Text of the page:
Although Jayvean isn’t in school yet, the iPad – which can cost anywhere from $499 to $699 each - holds great potential to help him with writing and learning letters, colors, numbers, and words.
“Technology is going to be the avenue for him,” says Wanda.
Julian Gonzalez, 16
Traumatic Brain Injury
Technology: Tar Heel Reader, iPad
Julian Gonzalez cruises into the outpatient pediatric waiting room full of confidence. The funny and handsome 16-year-old likes to talk about “the ladies” when he’s not talking about music “In real life, I haven’t been around the world,” he says, “but in music, I’ve been around the world. My goal is to be either a singer, a rapper or in a band.”
Eight years ago, after suffering traumatic brain injury when he was hit by a car, Julian’s goal was just being able to survive. Doctors predicted he’d be blind – if he lived.
Today, not only can Julian see, he’s writing his own story on the computer using a web site called Tar Heel Reader. Julian’s story is posted on the site along with others. Wanda picked this for Julian because it helps him organize his thoughts and engages him in something he’s really interested in. “It gives him a feeling of success and accomplishment,” says Wanda. “He was really proud to tell his mother that he wrote a story and it’s
It’s been a long, hard journey for Julian who gets multiple therapies. When he first came to Good Shepherd, he struggled just to stay alert. His right hand is weaker than his left, but he’s now able to use a mouse and can keyboard with both hands. “The technology helps him keep up and will benefit him today and tomorrow,” says Wanda, who has been working with Julian on finding the right computer programs that will help him with reading comprehension and short-term memory retention.
Julian’s mother, Elizabeth, loves watching her son achieve greater independence through technology, like with the iPad he received for Christmas. “In school, he doesn’t have to depend on an aide to write things down,” she says. “He can take his own notes, keep his own calendar and read books on the Internet. And, without the technology, it would be a lot more work for me!”
Matthew O’Donnell, 8
Spastic Cerebral Palsy
“Amazing.” That’s what Matthew O’Donnell’s parents call Good Shepherd and the assistive technology that holds such promise for this youngster who loves making the most of life.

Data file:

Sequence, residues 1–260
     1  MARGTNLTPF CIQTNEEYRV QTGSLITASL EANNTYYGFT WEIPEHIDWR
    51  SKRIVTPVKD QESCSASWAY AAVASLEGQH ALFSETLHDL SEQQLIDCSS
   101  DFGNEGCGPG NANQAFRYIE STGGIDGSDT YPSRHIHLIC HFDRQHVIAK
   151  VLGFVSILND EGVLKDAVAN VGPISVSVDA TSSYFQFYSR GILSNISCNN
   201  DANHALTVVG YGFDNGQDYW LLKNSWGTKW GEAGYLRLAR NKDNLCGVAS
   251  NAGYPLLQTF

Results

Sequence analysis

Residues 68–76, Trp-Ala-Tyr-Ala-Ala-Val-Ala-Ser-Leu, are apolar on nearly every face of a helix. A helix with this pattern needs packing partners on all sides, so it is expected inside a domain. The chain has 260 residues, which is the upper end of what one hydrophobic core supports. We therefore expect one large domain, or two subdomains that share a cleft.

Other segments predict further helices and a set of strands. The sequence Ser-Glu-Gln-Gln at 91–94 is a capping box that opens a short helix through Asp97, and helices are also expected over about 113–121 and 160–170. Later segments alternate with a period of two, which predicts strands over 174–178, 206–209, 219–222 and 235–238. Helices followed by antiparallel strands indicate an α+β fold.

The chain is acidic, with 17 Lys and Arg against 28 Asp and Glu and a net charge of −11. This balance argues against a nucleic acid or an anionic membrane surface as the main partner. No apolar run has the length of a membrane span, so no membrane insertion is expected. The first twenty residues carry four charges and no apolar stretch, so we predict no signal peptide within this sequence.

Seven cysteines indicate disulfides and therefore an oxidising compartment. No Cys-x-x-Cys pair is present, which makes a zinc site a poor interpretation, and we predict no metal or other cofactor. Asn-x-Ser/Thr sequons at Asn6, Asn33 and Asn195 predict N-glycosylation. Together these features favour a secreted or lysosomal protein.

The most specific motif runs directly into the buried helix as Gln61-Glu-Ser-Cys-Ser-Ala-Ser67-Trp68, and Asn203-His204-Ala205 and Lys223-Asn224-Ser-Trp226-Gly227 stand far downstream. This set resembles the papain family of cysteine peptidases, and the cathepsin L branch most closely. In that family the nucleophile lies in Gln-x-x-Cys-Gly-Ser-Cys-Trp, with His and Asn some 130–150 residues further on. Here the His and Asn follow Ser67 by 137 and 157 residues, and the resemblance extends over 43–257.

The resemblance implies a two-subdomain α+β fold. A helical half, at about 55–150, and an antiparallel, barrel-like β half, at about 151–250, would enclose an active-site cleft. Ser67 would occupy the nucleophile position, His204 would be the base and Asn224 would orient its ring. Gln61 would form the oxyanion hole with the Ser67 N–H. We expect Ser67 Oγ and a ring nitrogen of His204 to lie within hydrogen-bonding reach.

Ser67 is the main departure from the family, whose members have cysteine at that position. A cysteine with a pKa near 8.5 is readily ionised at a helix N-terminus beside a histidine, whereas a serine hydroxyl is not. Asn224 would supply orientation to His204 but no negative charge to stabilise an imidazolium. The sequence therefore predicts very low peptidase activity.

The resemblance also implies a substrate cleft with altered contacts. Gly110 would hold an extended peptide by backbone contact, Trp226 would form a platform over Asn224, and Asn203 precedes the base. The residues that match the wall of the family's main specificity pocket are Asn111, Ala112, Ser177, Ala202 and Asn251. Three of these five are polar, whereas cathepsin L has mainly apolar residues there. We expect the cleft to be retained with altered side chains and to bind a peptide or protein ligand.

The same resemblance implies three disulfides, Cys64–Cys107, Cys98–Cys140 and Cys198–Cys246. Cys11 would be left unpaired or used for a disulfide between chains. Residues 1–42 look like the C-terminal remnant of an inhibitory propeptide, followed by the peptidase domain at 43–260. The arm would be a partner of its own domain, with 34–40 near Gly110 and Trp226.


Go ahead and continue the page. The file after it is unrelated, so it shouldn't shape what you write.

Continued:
It was technology, in fact, that brought Matthew to Good Shepherd — all the way from central New Jersey. His parents, Dan and Annie, wanted more for Matthew, who has cerebral palsy and is unable to verbalize, than what was offered in their area. They began researching facilities with comprehensive pediatric therapy programs on the Internet and discovered Good Shepherd. They were so impressed, they moved to
the Lehigh Valley almost seven years ago. Matthew has been receiving a variety of therapies here but his parents say the service that has the biggest impact on his daily activities is the power of communication. “It’s life-changing, because it gives him a voice,” says Dan.
The therapy team suggested that Matthew would be a great candidate for an eye gaze computer system called MyTobii. Infrared technology makes it possible for Matthew to interact with the computer using his eyes and choose various activities to create his own photo albums and communicate.
After careful evaluation, Matthew got his very own MyTobii which he uses at school and at home. “Matthew loves playing games, reading books, and learning new things just like any other second grader, and his MyTobii eye gaze system has a lot to do with his success,” says Annie.
Adds Dan, “Because of Mattie’s strong mind and determination, his future is very bright. We will do everything we can to continue working with the team at Good Shepherd in finding new technologies to help Matthew achieve greatness.”
Won't you please make a gift now so more children like these can benefit from wonderful new technologies?